Rav Sheila said: Actually, it is referring to a case where he did so unwittingly, and the dilemma whether or not they permitted removing the bread is not with regard to the person who stuck it in the oven, as he remains unaware of his transgression. Rather, with regard to whom is Rav Beivai raising a dilemma whether or not the Sages permitted him to remove the bread? It is with regard to others who wish to spare the unwitting sinner from violating a Torah prohibition.
מתקיף לה רב ששת וכי אומרים לו לאדם חטא כדי שיזכה חבירך
Rav Sheshet strongly objected to this. And does one tell another person: Sin so that another will benefit? Permitting one to violate a prohibition, even one prohibited by rabbinic law, in order to help another perform a mitzva is inconceivable. The same is true with regard to preventing another from violating a more severe prohibition.
Rather, Rav Ashi said: Actually, it is referring to a case where he stuck the bread in the oven intentionally. And say, emend the text as follows: Before he comes to violate a prohibition punishable by stoning. Indeed, Rav Aḥa, son of Rava, would teach it explicitly in that manner; not as a dilemma, but rather, as a halakhic ruling. According to his version, Rav Beivai bar Abaye said: With regard to one who stuck bread in an oven on Shabbat eve, the Sages permitted him to remove it from the oven on Shabbat before he comes to violate a prohibition punishable by stoning.
פשט העני את ידו: אמאי חייב והא בעינן עקירה והנחה מעל גבי מקום ארבעה על ארבעה וליכא
We learned in the mishna several examples where the poor person extended his hand: One, when he placed an object into the hand of the homeowner and one, when he took an object from the hand of the homeowner. In those cases, we learned that he is liable to bring a sin-offering. The Gemara asks: Why is he liable? Don’t we require that halakhic lifting and placing be performed from and onto the surface of an area that is four by four handbreadths? A smaller area is not considered a defined place, and it is as if the object were not there at all; and a person’s hand is not that size. Why, then, is he liable?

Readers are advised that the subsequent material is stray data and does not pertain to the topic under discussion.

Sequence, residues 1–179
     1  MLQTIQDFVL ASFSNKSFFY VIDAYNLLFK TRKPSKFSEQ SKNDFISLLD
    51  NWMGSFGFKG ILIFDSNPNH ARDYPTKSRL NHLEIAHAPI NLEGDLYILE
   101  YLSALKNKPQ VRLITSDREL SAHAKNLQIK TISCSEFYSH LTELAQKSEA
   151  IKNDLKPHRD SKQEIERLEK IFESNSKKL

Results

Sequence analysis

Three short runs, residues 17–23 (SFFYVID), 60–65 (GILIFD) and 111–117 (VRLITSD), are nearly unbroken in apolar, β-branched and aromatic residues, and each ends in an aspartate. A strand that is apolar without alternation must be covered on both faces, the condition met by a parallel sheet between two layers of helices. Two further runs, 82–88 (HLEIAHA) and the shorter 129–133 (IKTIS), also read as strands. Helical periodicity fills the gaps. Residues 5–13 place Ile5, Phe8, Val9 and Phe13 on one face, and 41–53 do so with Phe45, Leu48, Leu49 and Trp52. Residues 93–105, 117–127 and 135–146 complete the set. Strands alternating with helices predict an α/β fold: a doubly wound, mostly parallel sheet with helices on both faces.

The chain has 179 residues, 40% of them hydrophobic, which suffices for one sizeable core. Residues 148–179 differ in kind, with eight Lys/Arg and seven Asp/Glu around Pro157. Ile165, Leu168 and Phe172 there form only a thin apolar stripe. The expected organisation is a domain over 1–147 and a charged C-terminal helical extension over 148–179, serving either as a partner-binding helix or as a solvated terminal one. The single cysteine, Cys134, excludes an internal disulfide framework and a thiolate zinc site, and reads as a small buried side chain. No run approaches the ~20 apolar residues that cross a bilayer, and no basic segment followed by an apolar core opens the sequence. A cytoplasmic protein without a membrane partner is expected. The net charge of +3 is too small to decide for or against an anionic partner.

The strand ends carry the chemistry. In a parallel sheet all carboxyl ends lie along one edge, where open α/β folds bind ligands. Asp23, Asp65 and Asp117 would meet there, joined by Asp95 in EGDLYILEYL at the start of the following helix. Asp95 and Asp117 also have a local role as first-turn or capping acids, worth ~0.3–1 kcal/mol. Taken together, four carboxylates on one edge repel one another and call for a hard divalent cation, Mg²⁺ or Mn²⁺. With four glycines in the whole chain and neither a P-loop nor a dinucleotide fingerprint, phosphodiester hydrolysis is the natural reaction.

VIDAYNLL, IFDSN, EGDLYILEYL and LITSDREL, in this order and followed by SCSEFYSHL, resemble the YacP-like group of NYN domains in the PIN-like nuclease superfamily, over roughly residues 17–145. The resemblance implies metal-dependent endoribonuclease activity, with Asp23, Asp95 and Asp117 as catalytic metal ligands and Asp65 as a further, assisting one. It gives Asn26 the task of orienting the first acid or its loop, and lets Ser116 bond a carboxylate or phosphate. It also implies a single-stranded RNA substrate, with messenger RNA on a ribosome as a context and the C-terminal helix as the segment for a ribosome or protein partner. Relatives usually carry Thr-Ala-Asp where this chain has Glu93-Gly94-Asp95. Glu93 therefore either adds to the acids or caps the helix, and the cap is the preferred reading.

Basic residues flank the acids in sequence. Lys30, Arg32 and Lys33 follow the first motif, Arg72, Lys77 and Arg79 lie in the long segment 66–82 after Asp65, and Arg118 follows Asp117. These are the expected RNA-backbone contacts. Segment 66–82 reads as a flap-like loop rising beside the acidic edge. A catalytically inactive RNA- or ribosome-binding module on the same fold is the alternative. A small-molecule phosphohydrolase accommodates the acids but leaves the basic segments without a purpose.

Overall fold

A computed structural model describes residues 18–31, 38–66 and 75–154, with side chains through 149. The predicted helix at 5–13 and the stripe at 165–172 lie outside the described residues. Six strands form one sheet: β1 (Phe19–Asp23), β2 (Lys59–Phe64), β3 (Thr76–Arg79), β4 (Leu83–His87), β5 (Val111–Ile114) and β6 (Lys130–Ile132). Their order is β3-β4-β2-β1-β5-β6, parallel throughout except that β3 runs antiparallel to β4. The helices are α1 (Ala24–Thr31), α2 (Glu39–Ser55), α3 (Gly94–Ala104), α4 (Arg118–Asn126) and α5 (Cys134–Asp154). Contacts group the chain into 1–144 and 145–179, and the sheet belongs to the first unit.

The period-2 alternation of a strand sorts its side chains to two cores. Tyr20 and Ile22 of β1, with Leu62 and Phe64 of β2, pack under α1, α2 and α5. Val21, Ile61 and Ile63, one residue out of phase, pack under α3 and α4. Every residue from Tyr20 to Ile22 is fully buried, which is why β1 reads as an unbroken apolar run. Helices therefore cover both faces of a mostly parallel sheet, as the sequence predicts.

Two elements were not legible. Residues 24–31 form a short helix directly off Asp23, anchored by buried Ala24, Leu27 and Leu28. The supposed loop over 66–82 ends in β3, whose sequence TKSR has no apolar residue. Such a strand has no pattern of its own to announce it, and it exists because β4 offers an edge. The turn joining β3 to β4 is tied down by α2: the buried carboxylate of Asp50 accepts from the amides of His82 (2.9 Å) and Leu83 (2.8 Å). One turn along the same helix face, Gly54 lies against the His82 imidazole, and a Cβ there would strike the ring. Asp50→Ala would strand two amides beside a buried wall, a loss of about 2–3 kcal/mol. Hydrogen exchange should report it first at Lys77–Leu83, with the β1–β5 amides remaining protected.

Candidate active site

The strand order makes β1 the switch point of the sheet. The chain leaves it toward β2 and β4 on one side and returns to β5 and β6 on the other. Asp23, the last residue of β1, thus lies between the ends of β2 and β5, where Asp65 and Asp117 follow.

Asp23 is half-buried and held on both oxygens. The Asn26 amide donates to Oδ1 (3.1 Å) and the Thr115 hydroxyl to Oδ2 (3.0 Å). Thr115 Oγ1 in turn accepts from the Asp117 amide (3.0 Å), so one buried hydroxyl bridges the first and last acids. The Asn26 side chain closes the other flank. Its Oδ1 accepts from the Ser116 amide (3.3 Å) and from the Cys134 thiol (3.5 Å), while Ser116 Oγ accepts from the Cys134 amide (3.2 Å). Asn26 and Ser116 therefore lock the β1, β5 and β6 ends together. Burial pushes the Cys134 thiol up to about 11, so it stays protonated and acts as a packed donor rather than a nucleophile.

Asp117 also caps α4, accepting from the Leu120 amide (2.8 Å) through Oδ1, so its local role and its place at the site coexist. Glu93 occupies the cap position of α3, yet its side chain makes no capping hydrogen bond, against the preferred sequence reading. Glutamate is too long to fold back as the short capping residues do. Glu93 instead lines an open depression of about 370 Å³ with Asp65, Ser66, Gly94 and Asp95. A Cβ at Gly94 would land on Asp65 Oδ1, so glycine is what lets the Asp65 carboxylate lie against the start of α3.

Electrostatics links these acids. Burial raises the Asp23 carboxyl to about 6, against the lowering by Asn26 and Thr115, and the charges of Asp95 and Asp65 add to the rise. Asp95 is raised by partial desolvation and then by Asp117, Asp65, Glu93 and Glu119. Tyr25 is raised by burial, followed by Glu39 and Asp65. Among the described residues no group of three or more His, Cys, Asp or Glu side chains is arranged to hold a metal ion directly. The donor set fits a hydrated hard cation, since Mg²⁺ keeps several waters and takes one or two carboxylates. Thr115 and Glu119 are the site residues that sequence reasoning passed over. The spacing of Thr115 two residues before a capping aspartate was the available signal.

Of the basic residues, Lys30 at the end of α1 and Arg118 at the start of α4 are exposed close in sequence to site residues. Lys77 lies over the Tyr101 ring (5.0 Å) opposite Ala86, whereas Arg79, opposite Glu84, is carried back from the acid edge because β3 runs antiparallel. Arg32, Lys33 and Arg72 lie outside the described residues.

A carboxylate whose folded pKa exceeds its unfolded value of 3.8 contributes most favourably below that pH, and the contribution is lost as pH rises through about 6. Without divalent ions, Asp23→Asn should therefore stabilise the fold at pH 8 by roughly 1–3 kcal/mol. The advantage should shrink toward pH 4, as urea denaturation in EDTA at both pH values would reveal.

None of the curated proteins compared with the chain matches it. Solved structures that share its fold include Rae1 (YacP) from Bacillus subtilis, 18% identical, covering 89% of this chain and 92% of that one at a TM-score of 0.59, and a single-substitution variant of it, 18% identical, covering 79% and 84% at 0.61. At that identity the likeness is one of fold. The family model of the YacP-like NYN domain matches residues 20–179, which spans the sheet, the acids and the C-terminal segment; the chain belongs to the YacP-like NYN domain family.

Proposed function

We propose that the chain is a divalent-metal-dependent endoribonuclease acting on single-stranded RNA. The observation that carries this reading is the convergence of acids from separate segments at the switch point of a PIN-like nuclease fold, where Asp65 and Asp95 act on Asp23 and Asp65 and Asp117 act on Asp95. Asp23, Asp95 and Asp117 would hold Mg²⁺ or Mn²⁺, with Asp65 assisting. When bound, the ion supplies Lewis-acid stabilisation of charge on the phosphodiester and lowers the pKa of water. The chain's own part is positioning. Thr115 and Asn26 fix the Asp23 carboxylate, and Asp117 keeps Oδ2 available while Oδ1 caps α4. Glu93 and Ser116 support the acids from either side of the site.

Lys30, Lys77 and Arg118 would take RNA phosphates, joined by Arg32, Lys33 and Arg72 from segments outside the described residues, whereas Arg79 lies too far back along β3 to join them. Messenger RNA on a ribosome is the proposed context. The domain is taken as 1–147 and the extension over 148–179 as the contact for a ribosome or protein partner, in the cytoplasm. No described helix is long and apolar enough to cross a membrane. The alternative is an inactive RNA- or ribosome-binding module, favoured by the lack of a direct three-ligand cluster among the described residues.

Rabba said: Whose opinion is it in this mishna? It is the opinion of Rabbi Akiva who said that we do not require a place of four by four handbreadths. According to his opinion, even a smaller area is considered a significant place in terms of carrying out on Shabbat. As we learned in a mishna: One who throws an object from the private domain to the other private domain and there is the public domain in the middle, Rabbi Akiva deems him liable for carrying out into the public domain, and the Rabbis deem him exempt because the object merely passed through the public domain and did not come to rest in it.
This dispute can be explained as follows: Rabbi Akiva holds that we say that an object in airspace is considered at rest. In his opinion, an object that passed, even briefly, through the airspace of the public domain is considered as if it came to rest in that domain. Therefore, one who threw the object has, for all intents and purposes, lifted the object from the private domain and placed it in the public domain, and he is liable. And the Rabbis hold that we do not say that an object in airspace is considered at rest. In their opinion, although he lifted the object from the private domain, it never came to rest in the public domain. Since he never placed it in the public domain, he is not liable. Regardless, according to Rabbi Akiva’s opinion, placing does not require a defined area. The mere presence of an object in the public domain accords it the legal status of having been placed there. Apparently, there is no requirement that an object be placed on a surface with an area of four by four handbreadths.
למימרא דפשיטא ליה לרבה דבקלוטה כמי שהונחה דמיא
Initially, the Gemara wonders about the substance of Rabba’s opinion: Is that to say that it is obvious to Rabba that, with regard to whether or not an object in airspace is considered at rest,